October is Pregnancy & Infant Loss Awareness month. Why the awareness? Why is there a need to call attention to babies who are lost through miscarriage, stillbirth, SIDS or for any other reason during pregnancy and infancy? The reason is simple: grief affects the mental health of anyone who experiences it. And grieving in a disenfranchised way can complicate the natural sorrow women and men go through when a pre-born child is lost. Although it’s estimated that 10-20% of pregnancies end in miscarriage (mayo clinic, 2019), for example, it is not culturally typical to share this loss with others. Fears of the grief being dismissed or the life not being acknowledged can cause women to suffer quietly or alone. The message is that something like a miscarriage isn’t “supposed to be” a very big deal.
Additionally, it must also be said that there is a vacuum of support for women who’ve had abortions as well. Taking the morality of such a choice out of it, this is still a difficult experience for those who go through it. Stigma or shame may cause women (and men!) to suffer silently on the one hand and yet on the other— feelings that they should somehow feel okay or empowered by their choice may leave some women confused about the flood of grief, anxiety or depression that they go on to experience after an abortion.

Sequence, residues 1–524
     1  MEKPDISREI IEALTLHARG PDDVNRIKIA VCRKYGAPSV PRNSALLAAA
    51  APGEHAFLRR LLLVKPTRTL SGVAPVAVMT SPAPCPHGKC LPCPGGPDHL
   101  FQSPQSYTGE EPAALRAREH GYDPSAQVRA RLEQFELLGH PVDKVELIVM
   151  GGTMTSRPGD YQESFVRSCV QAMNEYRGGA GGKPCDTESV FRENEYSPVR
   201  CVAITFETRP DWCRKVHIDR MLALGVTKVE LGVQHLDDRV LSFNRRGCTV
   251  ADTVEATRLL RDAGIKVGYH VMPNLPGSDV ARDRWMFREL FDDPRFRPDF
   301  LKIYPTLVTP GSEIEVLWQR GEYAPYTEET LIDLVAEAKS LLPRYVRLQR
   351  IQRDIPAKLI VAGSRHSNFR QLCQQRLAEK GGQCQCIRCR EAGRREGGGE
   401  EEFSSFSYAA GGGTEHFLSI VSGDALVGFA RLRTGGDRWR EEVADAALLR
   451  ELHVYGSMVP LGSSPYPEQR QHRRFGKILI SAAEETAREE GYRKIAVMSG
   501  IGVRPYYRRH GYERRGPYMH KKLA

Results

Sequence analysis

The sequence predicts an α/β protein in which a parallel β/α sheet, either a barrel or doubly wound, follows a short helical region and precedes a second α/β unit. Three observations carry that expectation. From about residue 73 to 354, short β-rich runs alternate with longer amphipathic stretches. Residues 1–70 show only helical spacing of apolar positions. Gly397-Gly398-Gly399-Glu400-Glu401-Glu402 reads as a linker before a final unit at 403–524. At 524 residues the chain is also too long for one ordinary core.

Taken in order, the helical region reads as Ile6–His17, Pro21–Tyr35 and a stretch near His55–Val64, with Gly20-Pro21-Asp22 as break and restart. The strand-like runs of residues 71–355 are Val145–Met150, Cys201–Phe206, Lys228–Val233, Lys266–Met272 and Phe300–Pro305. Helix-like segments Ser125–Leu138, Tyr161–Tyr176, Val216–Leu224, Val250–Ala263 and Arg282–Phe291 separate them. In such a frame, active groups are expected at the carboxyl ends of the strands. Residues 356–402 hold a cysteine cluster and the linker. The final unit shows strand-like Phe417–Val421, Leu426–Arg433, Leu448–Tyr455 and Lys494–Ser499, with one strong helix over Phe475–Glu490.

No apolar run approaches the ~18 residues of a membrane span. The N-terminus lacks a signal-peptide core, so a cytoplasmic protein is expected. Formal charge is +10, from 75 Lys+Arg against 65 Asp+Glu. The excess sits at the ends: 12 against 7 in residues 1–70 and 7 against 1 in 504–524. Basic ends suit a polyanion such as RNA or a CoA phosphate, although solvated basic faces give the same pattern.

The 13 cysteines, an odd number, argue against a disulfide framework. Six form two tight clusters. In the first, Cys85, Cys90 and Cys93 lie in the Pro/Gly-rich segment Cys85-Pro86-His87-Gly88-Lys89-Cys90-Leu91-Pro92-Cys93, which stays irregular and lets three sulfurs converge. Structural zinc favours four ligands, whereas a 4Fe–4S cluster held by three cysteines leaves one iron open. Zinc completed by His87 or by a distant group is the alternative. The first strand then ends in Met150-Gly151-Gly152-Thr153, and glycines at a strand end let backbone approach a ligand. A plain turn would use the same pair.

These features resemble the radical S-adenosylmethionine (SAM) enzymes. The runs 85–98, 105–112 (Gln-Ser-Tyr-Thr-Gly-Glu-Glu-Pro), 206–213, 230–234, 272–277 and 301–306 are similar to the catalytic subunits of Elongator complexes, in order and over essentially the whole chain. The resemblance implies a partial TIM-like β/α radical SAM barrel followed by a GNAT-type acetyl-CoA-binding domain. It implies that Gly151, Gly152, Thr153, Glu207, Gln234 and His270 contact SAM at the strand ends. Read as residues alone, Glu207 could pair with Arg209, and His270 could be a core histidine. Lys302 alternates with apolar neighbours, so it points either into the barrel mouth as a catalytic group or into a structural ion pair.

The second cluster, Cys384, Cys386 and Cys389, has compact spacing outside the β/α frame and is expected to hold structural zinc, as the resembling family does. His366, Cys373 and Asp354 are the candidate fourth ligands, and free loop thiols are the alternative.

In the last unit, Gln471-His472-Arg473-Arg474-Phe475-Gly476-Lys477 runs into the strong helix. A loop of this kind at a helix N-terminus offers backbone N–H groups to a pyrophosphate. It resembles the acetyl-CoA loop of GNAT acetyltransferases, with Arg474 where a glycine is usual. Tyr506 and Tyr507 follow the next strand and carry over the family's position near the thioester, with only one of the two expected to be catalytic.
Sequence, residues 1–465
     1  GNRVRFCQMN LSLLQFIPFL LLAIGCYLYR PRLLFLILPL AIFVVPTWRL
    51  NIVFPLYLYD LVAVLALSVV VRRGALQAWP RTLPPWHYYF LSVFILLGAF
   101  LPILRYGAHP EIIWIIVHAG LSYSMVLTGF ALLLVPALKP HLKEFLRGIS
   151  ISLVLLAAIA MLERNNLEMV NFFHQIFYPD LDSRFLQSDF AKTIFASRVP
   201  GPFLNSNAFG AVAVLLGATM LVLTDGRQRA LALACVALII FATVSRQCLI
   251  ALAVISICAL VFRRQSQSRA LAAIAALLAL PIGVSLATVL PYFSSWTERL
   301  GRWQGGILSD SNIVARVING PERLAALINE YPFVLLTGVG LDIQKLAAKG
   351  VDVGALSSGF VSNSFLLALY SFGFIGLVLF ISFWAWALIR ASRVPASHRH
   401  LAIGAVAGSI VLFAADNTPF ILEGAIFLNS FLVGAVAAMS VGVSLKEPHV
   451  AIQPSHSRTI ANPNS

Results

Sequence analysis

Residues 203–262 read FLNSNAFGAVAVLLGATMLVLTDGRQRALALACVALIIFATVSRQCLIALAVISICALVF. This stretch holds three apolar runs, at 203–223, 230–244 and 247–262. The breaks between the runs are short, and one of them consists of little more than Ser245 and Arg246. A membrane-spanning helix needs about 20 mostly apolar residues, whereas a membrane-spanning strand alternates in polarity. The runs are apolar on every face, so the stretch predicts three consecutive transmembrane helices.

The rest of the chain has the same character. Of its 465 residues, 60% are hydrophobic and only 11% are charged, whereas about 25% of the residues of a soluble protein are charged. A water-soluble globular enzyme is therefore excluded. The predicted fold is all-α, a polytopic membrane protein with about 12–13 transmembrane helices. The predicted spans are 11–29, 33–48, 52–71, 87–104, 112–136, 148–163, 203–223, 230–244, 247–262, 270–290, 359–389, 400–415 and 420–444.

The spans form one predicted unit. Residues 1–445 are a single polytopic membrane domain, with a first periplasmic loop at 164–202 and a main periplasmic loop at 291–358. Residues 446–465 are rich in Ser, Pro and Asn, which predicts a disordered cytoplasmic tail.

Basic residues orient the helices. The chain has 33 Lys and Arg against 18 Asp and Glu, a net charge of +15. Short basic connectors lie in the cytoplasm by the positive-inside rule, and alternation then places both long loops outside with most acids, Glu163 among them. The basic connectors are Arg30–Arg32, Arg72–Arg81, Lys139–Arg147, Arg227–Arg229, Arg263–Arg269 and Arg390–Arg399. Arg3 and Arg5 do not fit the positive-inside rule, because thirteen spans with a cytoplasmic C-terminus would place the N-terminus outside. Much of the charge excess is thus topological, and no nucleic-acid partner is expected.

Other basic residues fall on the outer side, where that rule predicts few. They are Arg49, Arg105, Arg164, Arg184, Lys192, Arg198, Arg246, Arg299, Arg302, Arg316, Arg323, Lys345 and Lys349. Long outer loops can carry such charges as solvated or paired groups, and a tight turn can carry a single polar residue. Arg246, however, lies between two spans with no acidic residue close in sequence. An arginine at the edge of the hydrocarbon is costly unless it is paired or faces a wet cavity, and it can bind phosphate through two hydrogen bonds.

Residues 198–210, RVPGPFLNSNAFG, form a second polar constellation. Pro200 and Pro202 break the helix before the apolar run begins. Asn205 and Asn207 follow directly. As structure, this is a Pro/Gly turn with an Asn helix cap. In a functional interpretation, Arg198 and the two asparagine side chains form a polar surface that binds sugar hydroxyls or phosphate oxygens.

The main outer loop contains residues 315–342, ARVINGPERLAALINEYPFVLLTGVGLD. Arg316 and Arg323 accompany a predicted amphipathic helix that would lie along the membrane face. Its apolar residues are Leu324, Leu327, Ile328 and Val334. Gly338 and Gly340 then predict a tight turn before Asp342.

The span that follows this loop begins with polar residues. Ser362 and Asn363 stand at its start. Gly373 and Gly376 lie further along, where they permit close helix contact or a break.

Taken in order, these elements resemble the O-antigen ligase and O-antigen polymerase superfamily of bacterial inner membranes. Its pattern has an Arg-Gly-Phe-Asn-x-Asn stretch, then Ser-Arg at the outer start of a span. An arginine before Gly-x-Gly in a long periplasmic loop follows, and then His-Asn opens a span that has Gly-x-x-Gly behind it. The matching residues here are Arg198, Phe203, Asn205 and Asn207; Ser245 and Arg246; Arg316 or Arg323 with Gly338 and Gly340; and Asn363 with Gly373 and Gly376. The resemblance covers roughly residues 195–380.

No matter how an infant was lost, whether this was early on in a pregnancy or a few months after being born, people can experience flashbacks, invasive memories, sleepless nights, panic attacks and even a general, strange sense of emptiness for which the English language can’t quite express. Grief is a powerful and mysterious thing.
This month, we honor all those who feel isolated in their pain, who feel socially abandoned in their sorrow. Your loss was real. It’s okay to hurt. Bereavement is normal. Be patient with yourself as it does its work in you and you engage in the process of healing. Know that you matter.
For more on grief and death support, check out 5 Common Phrases to Avoid When Someone Dies and 5 Alternatives.
Written by: Elizabeth Peck, a Clinical Mental Health Counseling Candidate at the University of the Cumberlands and a support assistant to Pax Family Counseling.